What to catch at Milan Design Week
Phaidon designers are filling 2019's Salone del Mobile with smart answers to today’s design problems
Each spring, the world’s most talented designers jet into to Milan to present their best work at Salone del Mobile, the annual Italian design fair, and its associated events, commonly referred to as Milan Design Week; this year, Phaidon authors and designers are putting in a strong showing.
nendo, the Tokyo-based, multidisciplinary design studio, established by Oki Sato in 2002, is one of the more prolific contributors this year; Sato and co are not only repping the new Phaidon nendo monograph, but also an undulating, indoor, meadow-like installation, called Breeze of Light, made with spindly film-topped flowers, for the Japanese air-conditioning company, Daikin; and a new collection of folding handbags, called Katachi, for the French leather-goods house Longchamp.
The huge US furniture firm Herman Miller has All Together Now, an exhibition that celebrates the various brands within the Herman Miller group; over the past two decades the US firm has acquired quite a few other concerns, and its Milan show is staged to demonstrate the endless possibilities this family of furniture, design, tech, and interior architecture companies now offers.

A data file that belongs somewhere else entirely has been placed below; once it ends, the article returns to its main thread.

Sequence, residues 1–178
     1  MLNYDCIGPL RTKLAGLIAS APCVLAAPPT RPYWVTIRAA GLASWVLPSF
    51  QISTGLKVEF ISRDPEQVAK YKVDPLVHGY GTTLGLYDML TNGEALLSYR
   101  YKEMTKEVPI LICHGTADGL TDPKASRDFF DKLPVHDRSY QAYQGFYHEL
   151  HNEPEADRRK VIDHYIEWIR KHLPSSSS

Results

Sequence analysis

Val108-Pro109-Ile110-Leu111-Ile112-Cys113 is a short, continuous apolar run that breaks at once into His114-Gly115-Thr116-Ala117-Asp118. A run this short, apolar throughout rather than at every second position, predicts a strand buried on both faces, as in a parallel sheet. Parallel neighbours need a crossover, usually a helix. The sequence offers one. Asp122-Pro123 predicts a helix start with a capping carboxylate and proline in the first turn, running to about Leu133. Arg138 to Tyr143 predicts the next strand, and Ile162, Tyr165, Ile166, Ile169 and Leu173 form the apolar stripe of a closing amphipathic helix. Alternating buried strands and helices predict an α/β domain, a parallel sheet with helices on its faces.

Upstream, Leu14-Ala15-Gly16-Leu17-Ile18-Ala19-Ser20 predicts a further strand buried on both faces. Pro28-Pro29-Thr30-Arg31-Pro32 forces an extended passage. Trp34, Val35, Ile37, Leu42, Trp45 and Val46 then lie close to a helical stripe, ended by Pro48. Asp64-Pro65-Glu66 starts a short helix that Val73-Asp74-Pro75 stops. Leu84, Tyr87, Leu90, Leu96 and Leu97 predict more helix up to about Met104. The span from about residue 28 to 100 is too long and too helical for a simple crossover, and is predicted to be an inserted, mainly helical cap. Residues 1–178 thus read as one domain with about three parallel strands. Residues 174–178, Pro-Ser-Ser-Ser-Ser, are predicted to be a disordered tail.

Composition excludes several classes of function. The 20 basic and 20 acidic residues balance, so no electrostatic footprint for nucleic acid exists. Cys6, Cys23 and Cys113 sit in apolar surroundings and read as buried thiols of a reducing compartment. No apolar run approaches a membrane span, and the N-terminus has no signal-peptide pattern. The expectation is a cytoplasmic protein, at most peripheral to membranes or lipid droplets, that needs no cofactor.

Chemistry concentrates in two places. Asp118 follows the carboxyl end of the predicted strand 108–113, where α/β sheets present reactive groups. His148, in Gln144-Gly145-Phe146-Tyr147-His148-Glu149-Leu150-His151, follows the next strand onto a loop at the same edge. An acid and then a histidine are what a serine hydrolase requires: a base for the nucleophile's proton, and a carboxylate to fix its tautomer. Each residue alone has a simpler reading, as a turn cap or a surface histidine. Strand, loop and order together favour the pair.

Barber Osgerby, the London-based bards of the chair, have a new seat design at Milan, this time made for American manufacturer, Emeco. Called On and On, it’s a plastic, stacking, café chair, formed from recycled bottles; this particular plastic polymer doesn’t degrade when it’s reworked, so, the pair say, "it can be used again and again.”
Industrial Facility has used slightly more noble materials for Fronda, its latest project with Italian furniture manufacturer Mattiazzi. This new stool and chair is made from Russian pine, with a pressed steel seat; are both on show at Mattiazzi’s stand, at the Salone, this weekend.
Finally, the NYC not-quite-architecture-not-quite-art practice Snarkitecture has a high-concept installation at the Salone, staged for the Swiss bathroom products manufacturer, Laufen. Entitled Material Message, the show focuses on Laufen’s industrial ceramic production, and uses a staggering 198 tonnes of clay and 701 wash basins to get its message to sink in (if you'll excuse the pun).
Going to Milan? Then don’t forget your Wallpaper* guide; and if you’re not, you can still catch up on all these designers in our store; for Snarkitecture, get this book; for Industrial Facility, get this one; for Barber Osgerby get this title; for Herman Miller, buy this; and for nendo get this excellent new monograph.